Opinion

Going mobile: Can state policy keep up?

A digital illustration of a satellite dish transmission. (Photo: Hywards, Shutterstock)

The world is going mobile. We use our mobile devices to hail a ride, deliver groceries, watch movies, stream music, text friends, email colleagues and share photos. And yes, even to make phone calls. However, across California, too many communities lack access to high-speed wireless Internet. A bill (AB 57) currently before the California Legislature would help by speeding the installation of advanced wireless communications equipment. It deserves approval and Gov. Brown’s signature.

Like cars on a freeway, the increasing number of mobile devices in everyday life can cause congestion on existing wireless communications networks.

High-speed wireless Internet isn’t just about streaming Game of Thrones on your tablet. The stakes are much higher. A report released in mid-April by the Bay Area Council Economic Institute – 21st Century Infrastructure: Keeping California Connected, Powered and Competitive — described the importance of advanced wireless communications networks in growing our innovation economy and keeping us competitive globally. According to the report, the most critical assets of California’s future economy will rely on wireless Internet technology—including renewable energy, smart agriculture, education, healthcare and advanced manufacturing. There also are important implications for public safety, where a dropped call to 911 could be the difference between life and death.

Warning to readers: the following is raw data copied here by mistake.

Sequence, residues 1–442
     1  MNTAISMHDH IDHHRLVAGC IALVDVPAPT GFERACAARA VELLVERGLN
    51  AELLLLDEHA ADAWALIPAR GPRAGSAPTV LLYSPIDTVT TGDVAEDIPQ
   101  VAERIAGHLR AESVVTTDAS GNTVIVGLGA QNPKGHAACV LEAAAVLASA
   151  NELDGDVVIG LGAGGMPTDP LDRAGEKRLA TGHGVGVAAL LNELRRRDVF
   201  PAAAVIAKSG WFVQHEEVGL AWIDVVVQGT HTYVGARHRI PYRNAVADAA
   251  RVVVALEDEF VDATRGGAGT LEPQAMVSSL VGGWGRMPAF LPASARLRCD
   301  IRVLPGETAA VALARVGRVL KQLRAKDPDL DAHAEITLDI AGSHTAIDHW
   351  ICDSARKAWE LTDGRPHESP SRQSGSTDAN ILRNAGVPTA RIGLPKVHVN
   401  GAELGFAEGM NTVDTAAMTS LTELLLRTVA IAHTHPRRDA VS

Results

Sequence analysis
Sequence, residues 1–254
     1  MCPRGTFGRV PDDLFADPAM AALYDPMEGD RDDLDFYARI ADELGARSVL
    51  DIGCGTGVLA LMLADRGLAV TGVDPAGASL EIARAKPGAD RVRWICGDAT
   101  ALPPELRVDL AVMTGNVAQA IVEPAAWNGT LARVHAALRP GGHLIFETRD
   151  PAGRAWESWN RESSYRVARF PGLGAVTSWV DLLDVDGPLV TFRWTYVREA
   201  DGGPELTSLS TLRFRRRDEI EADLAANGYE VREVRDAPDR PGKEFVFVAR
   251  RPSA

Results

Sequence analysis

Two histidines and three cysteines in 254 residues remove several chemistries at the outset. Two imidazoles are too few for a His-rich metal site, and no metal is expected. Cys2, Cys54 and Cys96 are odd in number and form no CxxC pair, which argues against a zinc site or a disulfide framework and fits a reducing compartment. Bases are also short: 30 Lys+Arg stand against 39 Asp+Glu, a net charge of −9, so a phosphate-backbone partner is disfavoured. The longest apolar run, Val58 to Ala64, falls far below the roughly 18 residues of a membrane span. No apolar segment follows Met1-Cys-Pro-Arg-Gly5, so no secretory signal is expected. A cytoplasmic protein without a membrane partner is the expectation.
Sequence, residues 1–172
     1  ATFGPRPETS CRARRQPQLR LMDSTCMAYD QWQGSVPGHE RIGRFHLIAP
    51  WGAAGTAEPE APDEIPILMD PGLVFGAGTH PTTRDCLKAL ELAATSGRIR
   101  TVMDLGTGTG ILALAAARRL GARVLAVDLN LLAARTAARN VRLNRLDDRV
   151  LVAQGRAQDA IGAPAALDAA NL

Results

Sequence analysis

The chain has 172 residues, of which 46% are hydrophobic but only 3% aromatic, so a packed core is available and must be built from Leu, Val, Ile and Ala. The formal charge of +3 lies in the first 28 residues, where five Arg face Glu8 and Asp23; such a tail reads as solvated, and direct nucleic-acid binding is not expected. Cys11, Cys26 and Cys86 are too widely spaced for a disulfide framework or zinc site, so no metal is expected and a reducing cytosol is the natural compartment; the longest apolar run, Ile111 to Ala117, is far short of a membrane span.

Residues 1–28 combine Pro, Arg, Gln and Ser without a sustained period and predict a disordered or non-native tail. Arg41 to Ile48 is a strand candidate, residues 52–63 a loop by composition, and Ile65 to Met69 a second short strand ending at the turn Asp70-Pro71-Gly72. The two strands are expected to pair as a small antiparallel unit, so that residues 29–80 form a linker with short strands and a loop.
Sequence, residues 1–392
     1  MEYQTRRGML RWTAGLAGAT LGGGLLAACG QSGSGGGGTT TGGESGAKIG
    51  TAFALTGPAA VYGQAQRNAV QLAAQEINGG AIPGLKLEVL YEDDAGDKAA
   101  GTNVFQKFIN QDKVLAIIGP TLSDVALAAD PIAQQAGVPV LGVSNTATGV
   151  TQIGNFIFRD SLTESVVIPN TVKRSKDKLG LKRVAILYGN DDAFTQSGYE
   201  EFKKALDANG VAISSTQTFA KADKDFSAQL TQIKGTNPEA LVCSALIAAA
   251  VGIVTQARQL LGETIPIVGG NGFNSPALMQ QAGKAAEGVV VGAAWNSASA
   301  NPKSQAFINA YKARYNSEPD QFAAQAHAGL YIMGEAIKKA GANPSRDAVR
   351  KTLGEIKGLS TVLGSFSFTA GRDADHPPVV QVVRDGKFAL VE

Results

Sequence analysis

The transition to a wireless world is already taking shape. In 2013, global data traffic from mobile devices was 18 times greater than all Internet traffic in 2000, and is expected to increase another 11-fold by 2018. Our own 2015 Bay Area Council Poll released in May found that 70 percent of Bay Area residents surveyed rely on their smartphones for daily tasks, up from 63 percent in 2014.

Here’s the challenge: Like cars on a freeway, the increasing number of mobile devices in everyday life can cause congestion on existing wireless communications networks, decreasing speed and reliability. To keep pace, wireless service providers are racing to invest tens of billions of dollars to upgrade wireless equipment. By facilitating these improvements, local communities can help create jobs while making sure their residents don’t get left behind.

As it stands today, installing new cellular antennas and other equipment requires getting local permits. Easier said than done. For a variety of reasons, approval for even the simplest of projects can drag on for years, resulting in spotty service and delayed investments.

The problem is not new. The Federal Communications Commission recently developed rules requiring the processing of wireless permit applications within 90 days for small projects and 150 days for larger projects.

AB 57 provides a common sense solution. First, AB 57 protects local government control by maintaining the exact same review and approval powers over wireless communications projects as exists today. It also requires local governments to make an up-or-down decision on a timeframe consistent with federal law. Projects that aren’t rejected in the 90-150 day window get the green light.

Today, advanced mobile communications technology is capable of improving the way California uses water, develops clean energy, ensures public safety and supports many other critical services. And yet, the adoption of high-speed wireless Internet remains uneven. Ensuring all California communities are able to enjoy access to these benefits is a matter of fairness, and should be a statewide economic imperative. AB 57 provides a common-sense approach that will speed investments and keep local communities in control. It deserves our support.

Ed’s Note: Jim Wunderman is President and CEO of the Bay Area Council, a business-led regional public policy organization.


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